1.1       jdf       621: account.
                    622: 
                    623: #### pam\_lastlog(8)
                    624: 
1.3       jdf       625: The
                    626: [pam\_lastlog(8)](http://netbsd.gw.com/cgi-bin/man-cgi?pam_lastlog+8+NetBSD-5.0.1+i386)
                    627: module provides only session management services. It records the session in
                    628: [utmp(5)](http://netbsd.gw.com/cgi-bin/man-cgi?utmp+5+NetBSD-5.0.1+i386),
                    629: [utmpx(5)](http://netbsd.gw.com/cgi-bin/man-cgi?utmpx+5+NetBSD-5.0.1+i386),
                    630: [wtmp(5)](http://netbsd.gw.com/cgi-bin/man-cgi?wtmp+5+NetBSD-5.0.1+i386),
                    631: [wtmpx(5)](http://netbsd.gw.com/cgi-bin/man-cgi?wtmpx+5+NetBSD-5.0.1+i386),
                    632: [lastlog(5)](http://netbsd.gw.com/cgi-bin/man-cgi?lastlog+5+NetBSD-5.0.1+i386)
                    633: and
                    634: [lastlogx(5)](http://netbsd.gw.com/cgi-bin/man-cgi?lastlogx+5+NetBSD-5.0.1+i386)
1.1       jdf       635: databases.
                    636: 
                    637: #### pam\_login\_access(8)
                    638: 
1.3       jdf       639: The
                    640: [pam\_login\_access(8)](http://netbsd.gw.com/cgi-bin/man-cgi?pam_login_access+8+NetBSD-5.0.1+i386)
                    641: module provides an implementation of the account management primitive which
                    642: enforces the login restrictions specified in the
                    643: [login.access(5)](http://netbsd.gw.com/cgi-bin/man-cgi?login.access+5+NetBSD-5.0.1+i386)
1.1       jdf       644: table.
                    645: 
                    646: #### pam\_nologin(8)
                    647: 
1.3       jdf       648: The
                    649: [pam\_nologin(8)](http://netbsd.gw.com/cgi-bin/man-cgi?pam_nologin+8+NetBSD-5.0.1+i386)
                    650: module refuses non-root logins when `/var/run/nologin` exists. This file is
                    651: normally created by
                    652: [shutdown(8)](http://netbsd.gw.com/cgi-bin/man-cgi?shutdown+8+NetBSD-5.0.1+i386)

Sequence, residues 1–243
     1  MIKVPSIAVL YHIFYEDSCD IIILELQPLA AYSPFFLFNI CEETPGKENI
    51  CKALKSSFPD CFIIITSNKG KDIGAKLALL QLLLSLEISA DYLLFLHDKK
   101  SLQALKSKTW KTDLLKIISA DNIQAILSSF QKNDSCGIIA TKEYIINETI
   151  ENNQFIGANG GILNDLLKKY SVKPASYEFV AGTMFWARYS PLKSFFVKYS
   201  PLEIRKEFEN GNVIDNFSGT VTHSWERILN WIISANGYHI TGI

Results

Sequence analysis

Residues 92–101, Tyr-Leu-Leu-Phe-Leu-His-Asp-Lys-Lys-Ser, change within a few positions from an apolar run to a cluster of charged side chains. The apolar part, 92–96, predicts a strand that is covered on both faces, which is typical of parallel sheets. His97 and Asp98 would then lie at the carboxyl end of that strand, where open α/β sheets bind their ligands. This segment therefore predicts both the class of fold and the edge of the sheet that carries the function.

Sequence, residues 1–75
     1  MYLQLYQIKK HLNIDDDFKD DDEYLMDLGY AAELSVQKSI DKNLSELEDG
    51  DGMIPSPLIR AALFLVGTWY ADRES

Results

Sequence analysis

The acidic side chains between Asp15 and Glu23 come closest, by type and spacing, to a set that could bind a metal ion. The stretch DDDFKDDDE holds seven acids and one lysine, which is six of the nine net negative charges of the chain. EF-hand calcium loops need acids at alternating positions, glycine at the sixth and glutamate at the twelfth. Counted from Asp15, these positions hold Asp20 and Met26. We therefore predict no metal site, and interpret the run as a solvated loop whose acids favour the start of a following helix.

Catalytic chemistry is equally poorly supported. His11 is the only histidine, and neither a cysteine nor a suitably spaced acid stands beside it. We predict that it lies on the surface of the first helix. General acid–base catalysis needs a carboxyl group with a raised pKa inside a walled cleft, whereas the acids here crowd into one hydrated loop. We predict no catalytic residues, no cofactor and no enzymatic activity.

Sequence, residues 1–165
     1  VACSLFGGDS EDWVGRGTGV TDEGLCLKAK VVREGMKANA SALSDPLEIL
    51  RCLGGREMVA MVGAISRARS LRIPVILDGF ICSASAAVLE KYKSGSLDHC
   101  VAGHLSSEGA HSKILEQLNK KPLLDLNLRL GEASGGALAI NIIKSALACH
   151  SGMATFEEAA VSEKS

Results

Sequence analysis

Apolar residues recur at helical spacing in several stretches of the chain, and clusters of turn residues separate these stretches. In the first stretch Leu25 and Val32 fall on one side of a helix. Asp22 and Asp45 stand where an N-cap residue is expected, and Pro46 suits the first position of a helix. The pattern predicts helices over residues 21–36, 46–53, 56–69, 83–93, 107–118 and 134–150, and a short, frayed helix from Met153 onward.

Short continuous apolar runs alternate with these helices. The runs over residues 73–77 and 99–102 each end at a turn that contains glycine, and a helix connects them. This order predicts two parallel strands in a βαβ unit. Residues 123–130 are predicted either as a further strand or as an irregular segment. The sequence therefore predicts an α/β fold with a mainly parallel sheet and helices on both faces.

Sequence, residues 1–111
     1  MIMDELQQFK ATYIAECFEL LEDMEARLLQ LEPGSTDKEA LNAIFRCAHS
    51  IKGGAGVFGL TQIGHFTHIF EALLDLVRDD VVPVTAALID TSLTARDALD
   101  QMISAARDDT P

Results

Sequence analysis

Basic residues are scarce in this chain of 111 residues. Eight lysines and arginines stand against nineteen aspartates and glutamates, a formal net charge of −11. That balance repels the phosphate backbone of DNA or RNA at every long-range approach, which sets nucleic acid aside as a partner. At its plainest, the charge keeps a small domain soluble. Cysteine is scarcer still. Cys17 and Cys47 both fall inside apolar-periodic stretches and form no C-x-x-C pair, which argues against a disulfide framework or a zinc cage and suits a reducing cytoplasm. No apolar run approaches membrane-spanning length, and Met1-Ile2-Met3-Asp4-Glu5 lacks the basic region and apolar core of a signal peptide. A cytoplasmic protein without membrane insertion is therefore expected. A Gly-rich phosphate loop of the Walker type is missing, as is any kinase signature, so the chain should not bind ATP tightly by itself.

1.1       jdf       653: when less than five minutes remain until the scheduled shutdown time.
                    654: 
                    655: #### pam\_permit(8)
                    656: 
1.3       jdf       657: The
                    658: [pam\_permit(8)](http://netbsd.gw.com/cgi-bin/man-cgi?pam_permit+8+NetBSD-5.0.1+i386)
                    659: module is one of the simplest modules available; it responds to any request with
                    660: `PAM_SUCCESS`. It is useful as a placeholder for services where one or more
1.1       jdf       661: chains would otherwise be empty.
                    662: 
                    663: #### pam\_radius(8)
                    664: 
1.3       jdf       665: The
                    666: [pam\_radius(8)](http://netbsd.gw.com/cgi-bin/man-cgi?pam_radius+8+NetBSD-5.0.1+i386)
                    667: module provides authentication services based upon the RADIUS (Remote
1.1       jdf       668: Authentication Dial In User Service) protocol.
                    669: 
                    670: #### pam\_rhosts(8)
                    671: 
1.3       jdf       672: The
                    673: [pam\_rhosts(8)](http://netbsd.gw.com/cgi-bin/man-cgi?pam_rhosts+8+NetBSD-5.0.1+i386)
                    674: module provides only authentication services. It reports success if and only if
                    675: the target user's ID is not 0 and the remote host and user are listed in
1.1       jdf       676: `/etc/hosts.equiv` or in the target user's `~/.rhosts`.
                    677: 
                    678: #### pam\_rootok(8)
                    679: 
1.3       jdf       680: The
                    681: [pam\_rootok(8)](http://netbsd.gw.com/cgi-bin/man-cgi?pam_rootok+8+NetBSD-5.0.1+i386)
                    682: module reports success if and only if the real user id of the process calling it
                    683: (which is assumed to be run by the applicant) is 0. This is useful for
                    684: non-networked services such as
                    685: [su(1)](http://netbsd.gw.com/cgi-bin/man-cgi?su+1+NetBSD-5.0.1+i386) or
                    686: [passwd(1)](http://netbsd.gw.com/cgi-bin/man-cgi?passwd+1+NetBSD-5.0.1+i386), to